Surjit Athwal: Murdered in 1998 by her in-laws on a trip to the Indian Punjab for daring to seek a divorce from an unhappy marriage
Du'a Khalil Aswad: Aged 17, she was stoned to death in Nineveh, Iraq, by a mob of 2,000 men for falling in love with a man outside her tribe
Fakhra Khar: In 2001 in Karachi, her husband poured acid on her face, after she left him and returned to her mother's home in the red-light district of the city
Heshu Yones: The 16-year-old was stabbed to death by her Muslim father Abdullah, in west London in 2002, because he disapproved of her Christian boyfriend
Robert Fisk writes on the unreported and unpunished murders of honour killings.
Robert Fisk: The crimewave that shames the world
It's one of the last great taboos: the murder of at least 20,000 women a year in the name of 'honour'. Nor is the problem confined to the Middle East: the contagion is spreading rapidly
It is a tragedy, a horror, a crime against humanity. The details of the murders – of the women beheaded, burned to death, stoned to death, stabbed, electrocuted, strangled and buried alive for the "honour" of their families – are as barbaric as they are shameful. Many women's groups in the Middle East and South-west Asia suspect the victims are at least four times the United Nations' latest world figure of around 5,000 deaths a year. Most of the victims are young, many are teenagers, slaughtered under a vile tradition that goes back hundreds of years but which now spans half the globe.
A 10-month investigation by The Independent in Jordan, Pakistan, Egypt, Gaza and the West Bank has unearthed terrifying details of murder most foul. Men are also killed for "honour" and, despite its identification by journalists as a largely Muslim practice, Christian and Hindu communities have stooped to the same crimes. Indeed, the "honour" (or ird) of families, communities and tribes transcends religion and human mercy. But voluntary women's groups, human rights organisations, Amnesty International and news archives suggest that the slaughter of the innocent for "dishonouring" their families is increasing by the year.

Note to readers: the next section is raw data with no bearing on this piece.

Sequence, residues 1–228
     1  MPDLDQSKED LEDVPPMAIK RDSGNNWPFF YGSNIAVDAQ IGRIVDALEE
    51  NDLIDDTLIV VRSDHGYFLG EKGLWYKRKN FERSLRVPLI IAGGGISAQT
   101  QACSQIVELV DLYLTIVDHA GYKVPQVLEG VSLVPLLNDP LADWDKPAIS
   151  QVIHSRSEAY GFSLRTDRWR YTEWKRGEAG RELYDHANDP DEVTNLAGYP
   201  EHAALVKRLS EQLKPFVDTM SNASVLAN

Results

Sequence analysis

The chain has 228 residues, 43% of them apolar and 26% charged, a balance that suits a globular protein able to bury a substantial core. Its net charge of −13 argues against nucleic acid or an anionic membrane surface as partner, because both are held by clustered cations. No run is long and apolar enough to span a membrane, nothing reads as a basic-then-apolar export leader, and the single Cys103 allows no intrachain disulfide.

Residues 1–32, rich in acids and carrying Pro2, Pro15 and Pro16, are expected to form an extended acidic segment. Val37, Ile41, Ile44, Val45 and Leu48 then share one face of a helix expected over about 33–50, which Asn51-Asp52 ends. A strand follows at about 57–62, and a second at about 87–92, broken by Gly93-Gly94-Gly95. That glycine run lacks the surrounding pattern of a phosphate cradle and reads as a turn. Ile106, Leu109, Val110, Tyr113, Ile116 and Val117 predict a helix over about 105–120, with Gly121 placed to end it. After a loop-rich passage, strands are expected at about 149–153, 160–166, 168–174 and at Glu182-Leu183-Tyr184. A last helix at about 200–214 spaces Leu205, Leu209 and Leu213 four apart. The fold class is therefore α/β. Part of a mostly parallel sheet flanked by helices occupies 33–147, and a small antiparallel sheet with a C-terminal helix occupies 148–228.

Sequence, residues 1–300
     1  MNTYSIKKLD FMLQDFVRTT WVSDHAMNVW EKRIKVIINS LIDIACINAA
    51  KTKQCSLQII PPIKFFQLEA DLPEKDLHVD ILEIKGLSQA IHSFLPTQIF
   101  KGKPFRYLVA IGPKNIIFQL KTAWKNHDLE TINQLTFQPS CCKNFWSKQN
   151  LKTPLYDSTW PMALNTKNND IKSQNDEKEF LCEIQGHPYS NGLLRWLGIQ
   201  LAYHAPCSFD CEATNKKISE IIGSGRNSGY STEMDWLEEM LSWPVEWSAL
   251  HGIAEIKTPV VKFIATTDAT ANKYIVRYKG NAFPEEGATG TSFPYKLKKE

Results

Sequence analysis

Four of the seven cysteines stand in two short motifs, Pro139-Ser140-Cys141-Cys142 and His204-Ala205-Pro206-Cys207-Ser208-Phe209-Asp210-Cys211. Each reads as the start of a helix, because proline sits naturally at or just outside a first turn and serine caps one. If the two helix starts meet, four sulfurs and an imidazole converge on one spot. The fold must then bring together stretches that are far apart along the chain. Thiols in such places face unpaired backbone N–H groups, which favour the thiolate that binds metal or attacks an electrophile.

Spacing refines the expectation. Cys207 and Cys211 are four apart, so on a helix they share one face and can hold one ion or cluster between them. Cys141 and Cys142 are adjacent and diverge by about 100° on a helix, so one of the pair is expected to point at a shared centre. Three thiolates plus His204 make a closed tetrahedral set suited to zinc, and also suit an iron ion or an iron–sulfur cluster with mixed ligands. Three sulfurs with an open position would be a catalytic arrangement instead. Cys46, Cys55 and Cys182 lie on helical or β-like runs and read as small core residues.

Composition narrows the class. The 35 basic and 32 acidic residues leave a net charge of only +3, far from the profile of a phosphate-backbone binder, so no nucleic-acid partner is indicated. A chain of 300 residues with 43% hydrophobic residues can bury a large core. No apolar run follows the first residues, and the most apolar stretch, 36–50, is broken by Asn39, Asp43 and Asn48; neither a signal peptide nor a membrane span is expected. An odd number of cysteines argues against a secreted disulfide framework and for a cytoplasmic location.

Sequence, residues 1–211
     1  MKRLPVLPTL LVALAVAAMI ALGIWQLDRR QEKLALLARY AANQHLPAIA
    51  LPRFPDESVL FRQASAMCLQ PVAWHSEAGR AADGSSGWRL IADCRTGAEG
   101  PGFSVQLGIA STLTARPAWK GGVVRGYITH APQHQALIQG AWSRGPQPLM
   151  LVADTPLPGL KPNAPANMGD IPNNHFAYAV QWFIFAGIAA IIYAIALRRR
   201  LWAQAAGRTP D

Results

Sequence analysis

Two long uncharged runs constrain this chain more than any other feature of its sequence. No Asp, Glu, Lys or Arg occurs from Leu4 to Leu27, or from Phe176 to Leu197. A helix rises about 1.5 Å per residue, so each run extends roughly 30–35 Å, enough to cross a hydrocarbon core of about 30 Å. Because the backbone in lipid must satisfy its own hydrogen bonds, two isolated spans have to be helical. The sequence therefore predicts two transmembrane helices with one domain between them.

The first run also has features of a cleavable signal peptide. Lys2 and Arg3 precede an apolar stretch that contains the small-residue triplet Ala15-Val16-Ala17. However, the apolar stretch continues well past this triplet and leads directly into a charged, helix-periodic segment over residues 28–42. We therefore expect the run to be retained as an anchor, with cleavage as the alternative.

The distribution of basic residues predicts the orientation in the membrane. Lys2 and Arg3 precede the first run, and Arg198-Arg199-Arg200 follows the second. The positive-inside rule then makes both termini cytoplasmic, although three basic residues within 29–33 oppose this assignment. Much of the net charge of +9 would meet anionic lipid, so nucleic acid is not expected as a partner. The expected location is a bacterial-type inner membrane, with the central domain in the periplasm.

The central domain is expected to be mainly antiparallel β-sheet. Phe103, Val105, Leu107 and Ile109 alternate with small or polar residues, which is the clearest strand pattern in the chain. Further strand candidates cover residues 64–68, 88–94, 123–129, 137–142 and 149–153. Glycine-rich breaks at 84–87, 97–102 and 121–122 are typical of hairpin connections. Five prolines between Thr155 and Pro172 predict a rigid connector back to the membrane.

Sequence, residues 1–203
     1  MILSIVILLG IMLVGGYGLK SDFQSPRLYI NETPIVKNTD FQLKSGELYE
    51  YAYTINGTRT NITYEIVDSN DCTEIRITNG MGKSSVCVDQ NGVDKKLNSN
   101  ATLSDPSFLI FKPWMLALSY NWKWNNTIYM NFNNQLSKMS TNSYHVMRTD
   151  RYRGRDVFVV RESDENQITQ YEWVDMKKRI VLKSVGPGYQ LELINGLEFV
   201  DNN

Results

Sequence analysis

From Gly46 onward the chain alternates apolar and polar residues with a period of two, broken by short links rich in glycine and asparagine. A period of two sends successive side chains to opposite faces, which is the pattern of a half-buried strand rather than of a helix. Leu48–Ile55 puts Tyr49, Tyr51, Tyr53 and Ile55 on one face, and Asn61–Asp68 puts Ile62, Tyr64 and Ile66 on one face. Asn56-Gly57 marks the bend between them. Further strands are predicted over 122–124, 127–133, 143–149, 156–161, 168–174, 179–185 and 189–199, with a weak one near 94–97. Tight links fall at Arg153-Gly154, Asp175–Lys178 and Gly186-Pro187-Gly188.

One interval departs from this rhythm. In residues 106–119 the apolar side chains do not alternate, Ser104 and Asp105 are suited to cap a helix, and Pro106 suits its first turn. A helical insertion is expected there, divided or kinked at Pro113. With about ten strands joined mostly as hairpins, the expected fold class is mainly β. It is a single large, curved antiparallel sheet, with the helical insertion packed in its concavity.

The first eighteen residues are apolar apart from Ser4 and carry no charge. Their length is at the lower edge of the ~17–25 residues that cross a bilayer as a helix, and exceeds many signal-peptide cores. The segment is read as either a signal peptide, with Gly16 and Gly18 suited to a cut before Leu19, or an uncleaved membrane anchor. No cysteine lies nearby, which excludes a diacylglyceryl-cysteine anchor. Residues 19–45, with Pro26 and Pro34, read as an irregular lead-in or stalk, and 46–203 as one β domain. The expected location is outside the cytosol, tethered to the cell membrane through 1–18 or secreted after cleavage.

Iraqi Kurds, Palestinians in Jordan, Pakistan and Turkey appear to be the worst offenders but media freedoms in these countries may over-compensate for the secrecy which surrounds "honour" killings in Egypt – which untruthfully claims there are none – and other Middle East nations in the Gulf and the Levant. But honour crimes long ago spread to Britain, Belgium, Russia and Canada and many other nations. Security authorities and courts across much of the Middle East have connived in reducing or abrogating prison sentences for the family murder of women, often classifying them as suicides to prevent prosecutions.
One of the great ironies of this is that some of these violations of human rights are happening in the UK - so if we want to fight a war in the name of human rights, why not fight it at home, on our own doorstep. Yet little is done to stop this kind of abuse and the voluntary organisations that try to inform, educate and help people in forced marriages and suffering abuse are underfunded and understaffed.
Karma Nirvana is a registered Charity that supports victims and survivors of forced marriage and honour based abuse. The words Karma Nirvana simply mean 'Peace and Enlightenment' as we hope our victims will achieve this through our work